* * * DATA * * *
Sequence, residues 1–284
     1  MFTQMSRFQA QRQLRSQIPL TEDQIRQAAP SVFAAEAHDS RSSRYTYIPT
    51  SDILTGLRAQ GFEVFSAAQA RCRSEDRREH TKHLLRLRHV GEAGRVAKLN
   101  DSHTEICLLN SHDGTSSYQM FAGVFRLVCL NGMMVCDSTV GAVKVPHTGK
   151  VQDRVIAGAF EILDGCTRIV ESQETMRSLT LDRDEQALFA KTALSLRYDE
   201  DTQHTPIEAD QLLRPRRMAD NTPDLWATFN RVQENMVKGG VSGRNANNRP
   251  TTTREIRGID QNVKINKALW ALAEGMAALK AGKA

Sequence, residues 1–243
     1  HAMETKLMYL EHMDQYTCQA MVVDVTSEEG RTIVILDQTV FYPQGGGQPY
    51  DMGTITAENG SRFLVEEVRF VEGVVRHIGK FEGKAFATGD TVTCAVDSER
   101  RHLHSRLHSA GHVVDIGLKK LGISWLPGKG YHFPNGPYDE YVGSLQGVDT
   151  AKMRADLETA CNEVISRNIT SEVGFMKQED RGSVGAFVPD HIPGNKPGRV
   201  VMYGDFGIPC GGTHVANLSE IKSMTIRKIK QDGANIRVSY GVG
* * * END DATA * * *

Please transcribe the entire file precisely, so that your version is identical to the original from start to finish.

Sequence, residues 1–284
     1  MFTQMSRFQA QRQLRSQIPL TEDQIRQAAP SVFAAEAHDS RSSRYTYIPT
    51  SDILTGLRAQ GFEVFSAAQA RCRSEDRREH TKHLLRLRHV GEAGRVAKLN
   101  DSHTEICLLN SHDGTSSYQM FAGVFRLVCL NGMMVCDSTV GAVKVPHTGK
   151  VQDRVIAGAF EILDGCTRIV ESQETMRSLT LDRDEQALFA KTALSLRYDE
   201  DTQHTPIEAD QLLRPRRMAD NTPDLWATFN RVQENMVKGG VSGRNANNRP
   251  TTTREIRGID QNVKINKALW ALAEGMAALK AGKA

Sequence, residues 1–243
     1  HAMETKLMYL EHMDQYTCQA MVVDVTSEEG RTIVILDQTV FYPQGGGQPY
    51  DMGTITAENG SRFLVEEVRF VEGVVRHIGK FEGKAFATGD TVTCAVDSER
   101  RHLHSRLHSA GHVVDIGLKK LGISWLPGKG YHFPNGPYDE YVGSLQGVDT
   151  AKMRADLETA CNEVISRNIT SEVGFMKQED RGSVGAFVPD HIPGNKPGRV
   201  VMYGDFGIPC GGTHVANLSE IKSMTIRKIK QDGANIRVSY GVG